How hard is it for people to keep up with change? Sometimes it feels like there is so much happening it’s impossible to keep track. At the same time, if you stay in the profession long enough you’ll feel like there’s nothing new under the sun.
Often it’s difficult to believe so much time has passed when you’re due to review documents again that surely were last reviewed only yesterday. Feels like Groundhog Day? Just today someone quoted to me that ‘the days are long but the years are short’.
It’s been seven years since the commencement of the National Registration and Accreditation Scheme (NRAS). Hard to believe isn’t it?
Since 2010, we no longer use the term division 2 to refer to enrolled nurses, we no longer have endorsed enrolled nurses (EENs) and there’s no point system for CPD.
Nobody understood what a so called CPD point equated to anyway, so logic prevailed and now we refer to CPD hours rather than points. Makes sense doesn’t it?
What a relief you say? Unfortunately old habits die hard. Reference to Div 2s, EENs and CPD points persist. Nevertheless, we can assure you these terms are all gone for good.
We all understand the importance of CPD as nurses and midwives. Our professions require us to keep up to date, maintain our knowledge and be inspired about how we can provide better care outcomes. Through CPD processes we can reflect on our own professional needs and undertake education to broaden our knowledge and expertise.
The Nursing and Midwifery Board of Australia (NMBA, the Board) Registration Standard: Continuing Professional Development sets out the minimum requirements for CPD for enrolled nurses, registered nurses and midwives. The Standard applies to all nurses and midwives who work either full-time or part-time, in paid or unpaid employment, even if they’re on leave from work. They apply to a nurse manager, for example who is managing a burns unit or a director of nursing of a large health facility, a nurse working in the community in aged care or even the chief nursing and midwifery officer of the country. We are all required to meet the same standards outlined by the NMBA if you hold general registration as a nurse or midwife.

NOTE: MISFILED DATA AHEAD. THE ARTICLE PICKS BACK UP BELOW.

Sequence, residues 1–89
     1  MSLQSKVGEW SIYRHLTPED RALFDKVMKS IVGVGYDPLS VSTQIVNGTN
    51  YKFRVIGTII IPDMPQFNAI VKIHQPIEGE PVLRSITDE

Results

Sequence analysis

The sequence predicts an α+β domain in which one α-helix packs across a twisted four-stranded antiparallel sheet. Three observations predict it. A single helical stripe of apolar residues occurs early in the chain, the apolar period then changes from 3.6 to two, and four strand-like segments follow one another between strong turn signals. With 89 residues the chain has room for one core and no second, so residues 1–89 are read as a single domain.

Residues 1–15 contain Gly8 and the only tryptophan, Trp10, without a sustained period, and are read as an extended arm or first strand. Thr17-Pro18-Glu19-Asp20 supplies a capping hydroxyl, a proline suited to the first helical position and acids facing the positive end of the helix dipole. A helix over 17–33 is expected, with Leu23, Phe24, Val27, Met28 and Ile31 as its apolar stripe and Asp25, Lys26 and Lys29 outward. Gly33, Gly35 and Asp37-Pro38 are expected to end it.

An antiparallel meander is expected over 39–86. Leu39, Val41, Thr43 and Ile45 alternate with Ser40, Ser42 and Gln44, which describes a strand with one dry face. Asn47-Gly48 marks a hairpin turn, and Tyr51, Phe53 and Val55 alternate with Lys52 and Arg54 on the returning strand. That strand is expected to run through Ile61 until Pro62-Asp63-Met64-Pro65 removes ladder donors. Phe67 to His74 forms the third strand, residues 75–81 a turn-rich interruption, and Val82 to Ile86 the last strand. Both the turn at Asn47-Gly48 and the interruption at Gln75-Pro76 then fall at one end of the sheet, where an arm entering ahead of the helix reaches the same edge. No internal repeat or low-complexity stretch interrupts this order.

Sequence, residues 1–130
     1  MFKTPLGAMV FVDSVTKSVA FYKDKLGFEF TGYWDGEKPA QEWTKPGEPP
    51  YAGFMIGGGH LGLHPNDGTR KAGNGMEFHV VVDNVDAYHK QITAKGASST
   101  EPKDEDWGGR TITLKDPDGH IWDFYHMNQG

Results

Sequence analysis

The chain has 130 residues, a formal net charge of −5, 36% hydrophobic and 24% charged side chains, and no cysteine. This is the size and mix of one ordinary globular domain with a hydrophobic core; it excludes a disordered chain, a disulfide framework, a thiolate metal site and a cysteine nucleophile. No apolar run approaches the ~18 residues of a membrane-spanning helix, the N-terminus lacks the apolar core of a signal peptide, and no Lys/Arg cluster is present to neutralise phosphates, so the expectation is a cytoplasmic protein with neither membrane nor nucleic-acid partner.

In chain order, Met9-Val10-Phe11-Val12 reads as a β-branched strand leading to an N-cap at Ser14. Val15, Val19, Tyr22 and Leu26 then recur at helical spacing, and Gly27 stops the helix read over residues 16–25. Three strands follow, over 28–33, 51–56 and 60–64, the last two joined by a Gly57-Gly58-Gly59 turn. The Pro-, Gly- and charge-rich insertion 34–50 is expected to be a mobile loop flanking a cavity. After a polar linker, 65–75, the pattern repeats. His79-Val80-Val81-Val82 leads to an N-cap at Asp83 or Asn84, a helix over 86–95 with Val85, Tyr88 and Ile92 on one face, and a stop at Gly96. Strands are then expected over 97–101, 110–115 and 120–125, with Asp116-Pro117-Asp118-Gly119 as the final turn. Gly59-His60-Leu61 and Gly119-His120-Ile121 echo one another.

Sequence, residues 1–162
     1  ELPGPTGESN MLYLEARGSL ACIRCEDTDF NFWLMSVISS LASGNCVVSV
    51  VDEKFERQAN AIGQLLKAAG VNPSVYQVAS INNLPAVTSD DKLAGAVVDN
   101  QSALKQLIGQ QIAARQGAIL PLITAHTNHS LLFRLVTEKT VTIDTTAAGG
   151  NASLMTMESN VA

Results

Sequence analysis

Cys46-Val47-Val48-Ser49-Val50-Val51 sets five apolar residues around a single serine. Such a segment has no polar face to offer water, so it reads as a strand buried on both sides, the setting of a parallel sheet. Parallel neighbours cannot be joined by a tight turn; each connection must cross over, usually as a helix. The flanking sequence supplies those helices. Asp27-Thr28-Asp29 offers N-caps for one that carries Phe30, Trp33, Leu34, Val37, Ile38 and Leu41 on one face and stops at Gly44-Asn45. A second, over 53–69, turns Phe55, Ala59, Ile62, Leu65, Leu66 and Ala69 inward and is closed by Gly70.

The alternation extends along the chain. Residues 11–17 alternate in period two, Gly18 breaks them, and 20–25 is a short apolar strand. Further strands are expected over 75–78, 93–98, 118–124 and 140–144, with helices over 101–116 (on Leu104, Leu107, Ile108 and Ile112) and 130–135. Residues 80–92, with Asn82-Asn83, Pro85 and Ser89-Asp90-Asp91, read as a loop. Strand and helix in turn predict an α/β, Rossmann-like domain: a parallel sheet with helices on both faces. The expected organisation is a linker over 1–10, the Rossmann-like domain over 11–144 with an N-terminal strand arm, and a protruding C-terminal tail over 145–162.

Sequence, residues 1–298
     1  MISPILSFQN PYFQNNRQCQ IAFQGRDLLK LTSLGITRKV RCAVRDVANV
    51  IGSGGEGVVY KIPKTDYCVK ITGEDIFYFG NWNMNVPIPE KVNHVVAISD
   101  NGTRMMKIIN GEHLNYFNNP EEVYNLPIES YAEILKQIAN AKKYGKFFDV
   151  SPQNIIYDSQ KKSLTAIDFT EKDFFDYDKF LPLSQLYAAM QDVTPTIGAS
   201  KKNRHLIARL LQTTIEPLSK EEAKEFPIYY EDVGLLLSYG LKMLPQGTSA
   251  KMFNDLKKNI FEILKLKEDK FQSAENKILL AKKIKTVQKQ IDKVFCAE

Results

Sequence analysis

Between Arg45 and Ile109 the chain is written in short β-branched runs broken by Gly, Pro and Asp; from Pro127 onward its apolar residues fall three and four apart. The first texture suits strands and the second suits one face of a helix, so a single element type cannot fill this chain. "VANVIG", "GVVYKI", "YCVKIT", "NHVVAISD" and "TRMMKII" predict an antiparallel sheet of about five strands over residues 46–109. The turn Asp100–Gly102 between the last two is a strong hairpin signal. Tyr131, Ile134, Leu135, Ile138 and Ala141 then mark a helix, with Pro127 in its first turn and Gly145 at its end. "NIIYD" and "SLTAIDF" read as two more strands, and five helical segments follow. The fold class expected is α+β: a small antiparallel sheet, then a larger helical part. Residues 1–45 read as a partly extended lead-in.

To meet the Board’s Standard, you must complete a minimum of 20 hours of CPD per 12 month registration period. If you are a nurse or midwife with an endorsement then you must also complete an additional 10 hours related to that endorsement. If you are a dual registrant, both a nurse and midwife, you must complete the required CPD for both nursing and midwifery. The good news is, if your CPD activities are relevant to both professions, the NMBA allows you to count those activities as evidence of both nursing and midwifery CPD hours.
Along with the requirement of a minimum number of CPD hours the Board also require nurses and midwives to keep records of your CPD activities for a period of five years. There is not a mandated tool that you need to use however there are key requirements that you need to document with each CPD activity.
All evidence should be verified, and it must demonstrate that the nurse or midwife has:
- identified and prioritised their learning needs, based on their self-reflection and evaluation of their practice against the relevant competency or professional practice standard;
- developed a learning plan based on identified learning needs;
- participated in effective learning activities appropriate to their learning needs, and
- reflected on the value of the learning activities or the effect that participation will have on their practice. (NMBA, 2016)
One of the difficulties our members sometimes struggle with when they are audited by the Board is the requirement for reflection and how it is documented. This section ensures that the regulator understands that you have reflected on the outcome of the CPD activity. They want you to document the extent to which the activity met your identified learning need. Therefore did it meet it or not? If the answer is YES then how did it change or impact your practice? If it only partially met your learning need or it did not meet your learning need at all, then what is your next step to achieve the identified learning need?
On the NMBA website the Board provide a sample template that you can use with examples of how each section can be documented. Each state and territory branch of the ANMF also provide various tools and resources, sometimes referred to as a portfolio that can assist you in keeping the required CPD cycle documentation.
So remember, time moves quickly and even though sometimes it feels like Groundhog Day we are all required by the regulator to formally document our CPD cycle of planning, completing CPD activities and reflecting upon the outcome of the activity completed.
Julianne Bryce, Elizabeth Foley and Julie Reeves
Federal Professional Officers